The bureaucratic Olympic creed

First there was the news that Pakistan was sending more officials than athletes to the Olympics: “‘Pakistan contingent will include seven athletes and 17 officials,’ a Pakistan Olympic Association (POA) official told APP.”

and now there is this awesome story about Indian officials behaving badly at the Olympics.   It is aptly titled “India’s Olympians deserve a medal just for putting up with their country’s officials.”  You could probably delete the word Olympians from that title (and replace Indians for India’s) and still have an accurate sentence.

Here are some of the best details:

a. India’s sports minister, Vijay Goel, has been in Rio and has been so rude that he was almost banned from attending events.  Here’s a quote: “‘We have had multiple reports of your Minister for Sports trying to enter accredited areas at venues with unaccredited individuals. When the staff try to explain that this is not allowed, they report that the people with the Minister have become aggressive and rude and sometimes push past our staff.'”  Goel of course was unapologetic and said it was a mere misunderstanding.  Way to represent your country  Mr. Goel.

b. “A nine-member team representing the state of Haryana arrived in Rio ‘to encourage the Haryana players.’ However, the group, led by the state sports minister Anil Vij, has been noticeably absent at key events—even those involving their state’s athletes. Instead they were found sight-seeing and frolicking on Rio’s beaches.”   In addition, many of the Indian delegates flew business class while athletes were relegated to coach.

c. Frugality seemed to be saved only for the athletes, not the officials. Dipa Karmakar, who came in 4th in the vault finals, was not allowed to bring her physiotherapist with her because it was “dubbed wasteful.”  Only when she qualified for the finals did officials react: “the physiotherapist was rushed to Brazil soon after.”  

 

 

Privatization is not for the faint of heart

Pakistan suffers frequent power outages that have a huge negative cost on businesses and general quality of life (story here: “Pakistan utility company fights to power chaotic port megacity“).  Here is why privatization seems like an obvious choice:

1. “Power cuts lasting 12 hours a day or more have devastated Pakistan’s economy. The loss of millions of jobs has fuelled unrest in a nuclear-armed nation already beset by a Taliban insurgency.”

2. “At the state-run Peshawar Electricity Supply Company, the majority of staff are illiterate, most new hires are relatives of existing staff and 37 percent of power generated was stolen.”

In 2008, the government decided to privatize the Karachi Electric Supply Company. The new owners fired about 1/3 of the workers, cut off customers who didn’t pay their electric bills, and cracked down on people illegally tapping into the electric system.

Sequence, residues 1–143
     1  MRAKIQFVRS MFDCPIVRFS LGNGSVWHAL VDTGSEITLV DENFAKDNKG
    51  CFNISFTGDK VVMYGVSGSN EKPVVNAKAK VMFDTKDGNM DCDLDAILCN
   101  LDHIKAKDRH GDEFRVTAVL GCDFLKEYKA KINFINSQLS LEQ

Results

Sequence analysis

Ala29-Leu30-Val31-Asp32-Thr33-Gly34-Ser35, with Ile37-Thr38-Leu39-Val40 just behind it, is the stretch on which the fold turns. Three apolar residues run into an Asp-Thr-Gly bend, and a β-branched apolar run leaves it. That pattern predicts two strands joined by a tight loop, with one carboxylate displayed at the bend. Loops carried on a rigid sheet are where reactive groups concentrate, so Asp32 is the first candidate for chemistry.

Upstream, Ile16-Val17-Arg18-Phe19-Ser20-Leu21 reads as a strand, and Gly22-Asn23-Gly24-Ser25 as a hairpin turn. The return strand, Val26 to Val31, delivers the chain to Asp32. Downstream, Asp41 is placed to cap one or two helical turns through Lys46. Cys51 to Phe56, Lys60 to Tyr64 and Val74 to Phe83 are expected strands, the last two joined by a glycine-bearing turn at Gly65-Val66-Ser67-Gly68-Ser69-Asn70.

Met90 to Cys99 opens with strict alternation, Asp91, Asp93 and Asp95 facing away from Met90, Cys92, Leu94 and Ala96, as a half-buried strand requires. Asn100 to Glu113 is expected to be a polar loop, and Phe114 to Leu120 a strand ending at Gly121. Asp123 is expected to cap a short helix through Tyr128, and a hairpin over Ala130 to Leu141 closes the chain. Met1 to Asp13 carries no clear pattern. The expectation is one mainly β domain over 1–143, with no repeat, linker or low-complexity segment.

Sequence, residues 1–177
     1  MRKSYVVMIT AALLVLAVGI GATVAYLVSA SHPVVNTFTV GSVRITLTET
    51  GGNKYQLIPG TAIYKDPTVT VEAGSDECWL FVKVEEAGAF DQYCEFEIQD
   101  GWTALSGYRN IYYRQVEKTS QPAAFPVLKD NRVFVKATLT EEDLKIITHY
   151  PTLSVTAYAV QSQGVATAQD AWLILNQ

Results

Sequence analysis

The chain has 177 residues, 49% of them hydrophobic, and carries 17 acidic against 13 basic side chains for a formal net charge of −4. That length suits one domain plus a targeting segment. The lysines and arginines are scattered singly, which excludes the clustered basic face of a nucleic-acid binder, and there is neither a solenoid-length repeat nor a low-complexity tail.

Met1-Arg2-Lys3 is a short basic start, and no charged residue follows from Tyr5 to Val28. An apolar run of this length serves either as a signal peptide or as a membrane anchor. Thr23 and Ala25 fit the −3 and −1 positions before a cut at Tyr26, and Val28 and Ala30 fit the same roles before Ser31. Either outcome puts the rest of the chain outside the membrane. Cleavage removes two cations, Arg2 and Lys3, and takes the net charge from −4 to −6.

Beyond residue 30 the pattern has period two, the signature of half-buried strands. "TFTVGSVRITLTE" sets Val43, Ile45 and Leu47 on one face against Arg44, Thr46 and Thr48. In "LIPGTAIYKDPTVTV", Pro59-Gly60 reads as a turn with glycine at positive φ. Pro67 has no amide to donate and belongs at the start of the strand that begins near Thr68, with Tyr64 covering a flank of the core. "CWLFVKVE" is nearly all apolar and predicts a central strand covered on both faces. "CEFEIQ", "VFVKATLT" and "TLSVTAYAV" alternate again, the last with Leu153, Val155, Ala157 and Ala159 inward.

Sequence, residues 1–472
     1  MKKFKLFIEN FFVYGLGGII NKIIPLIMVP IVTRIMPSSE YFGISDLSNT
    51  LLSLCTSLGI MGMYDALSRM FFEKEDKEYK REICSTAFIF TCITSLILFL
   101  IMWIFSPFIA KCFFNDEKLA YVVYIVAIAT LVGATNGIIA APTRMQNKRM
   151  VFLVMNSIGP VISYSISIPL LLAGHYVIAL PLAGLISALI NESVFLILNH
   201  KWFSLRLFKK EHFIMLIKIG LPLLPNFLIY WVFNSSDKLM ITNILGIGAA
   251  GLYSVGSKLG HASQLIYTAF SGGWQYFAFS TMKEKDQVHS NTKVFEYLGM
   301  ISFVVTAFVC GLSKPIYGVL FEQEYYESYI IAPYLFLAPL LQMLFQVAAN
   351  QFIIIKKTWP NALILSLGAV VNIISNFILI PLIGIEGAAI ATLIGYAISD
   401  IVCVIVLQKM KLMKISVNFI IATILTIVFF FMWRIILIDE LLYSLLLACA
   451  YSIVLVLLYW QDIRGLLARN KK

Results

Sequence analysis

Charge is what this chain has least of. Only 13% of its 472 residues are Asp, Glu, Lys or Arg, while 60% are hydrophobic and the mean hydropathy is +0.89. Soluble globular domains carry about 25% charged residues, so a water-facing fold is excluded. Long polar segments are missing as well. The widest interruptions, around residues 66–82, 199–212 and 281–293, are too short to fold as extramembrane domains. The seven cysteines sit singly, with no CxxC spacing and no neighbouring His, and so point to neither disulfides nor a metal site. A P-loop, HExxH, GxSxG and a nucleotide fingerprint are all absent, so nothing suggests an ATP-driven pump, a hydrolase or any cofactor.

The response was quite telling.  First, in a sign of how dysfunctional things were before privatization, fired workers offered to work for free because of the profitability of holding the post.  Apparently they don’t know much about efficiency wages.  Management told them no way, so they “camped outside the building for months” and more than “200 actual employees (who were forced to cross picket lines every day) were injured.”
Second, the new boss came under fire (literally) at his home.  Legislators tried to have him arrested for “not attending sub-committee meetings in the capital.” What in the world can these sub-committee meetings be and how could non-attendance be a jail-able offense? They sound instead like a huge waste of time and bureaucratic idiocy.
Third, the wealthy were offended that they might have to start paying for electricity.  In my favorite quote of the story, one wealthy man said “he couldn’t possibly start paying because his colleagues would think he had no influence left.” How would anyone know that he started paying?
Fourth, cracking down on illegal connections is dangerous business.  The mafia controls these connections and utility staff that take them down are often attacked.  Apparently 10 workers were taken hostage because of this last month. And some areas are too dangerous for workers to even enter: “Some slums are held by the Taliban or gangs, and KESC staff can’t even enter. They are experimenting with licensing powerful local businessmen to collect bills and cut off non-payers.”
Despite all of this, privatization actually seems to be working:

Last year the company made its first profit in 17 years. Theft has fallen by 9 percent in four years. Half the city, including two industrial zones, does not have daily power cuts.”

Perhaps the experience in Karachi will convince other cities of the benefits of privatization, although clearly buying and operating these utilities isn’t for the faint of heart.